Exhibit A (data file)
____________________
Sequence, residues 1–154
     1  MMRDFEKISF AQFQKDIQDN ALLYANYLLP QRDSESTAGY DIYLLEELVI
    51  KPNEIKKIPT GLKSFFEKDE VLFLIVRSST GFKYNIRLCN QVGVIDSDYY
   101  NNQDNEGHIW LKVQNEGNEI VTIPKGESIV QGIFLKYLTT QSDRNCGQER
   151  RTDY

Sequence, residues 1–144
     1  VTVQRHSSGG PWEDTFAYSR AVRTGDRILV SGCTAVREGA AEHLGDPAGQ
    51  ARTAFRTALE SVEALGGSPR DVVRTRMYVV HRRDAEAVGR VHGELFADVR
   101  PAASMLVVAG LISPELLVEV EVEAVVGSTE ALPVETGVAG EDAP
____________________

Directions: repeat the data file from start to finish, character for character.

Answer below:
Sequence, residues 1–154
     1  MMRDFEKISF AQFQKDIQDN ALLYANYLLP QRDSESTAGY DIYLLEELVI
    51  KPNEIKKIPT GLKSFFEKDE VLFLIVRSST GFKYNIRLCN QVGVIDSDYY
   101  NNQDNEGHIW LKVQNEGNEI VTIPKGESIV QGIFLKYLTT QSDRNCGQER
   151  RTDY

Sequence, residues 1–144
     1  VTVQRHSSGG PWEDTFAYSR AVRTGDRILV SGCTAVREGA AEHLGDPAGQ
    51  ARTAFRTALE SVEALGGSPR DVVRTRMYVV HRRDAEAVGR VHGELFADVR
   101  PAASMLVVAG LISPELLVEV EVEAVVGSTE ALPVETGVAG EDAP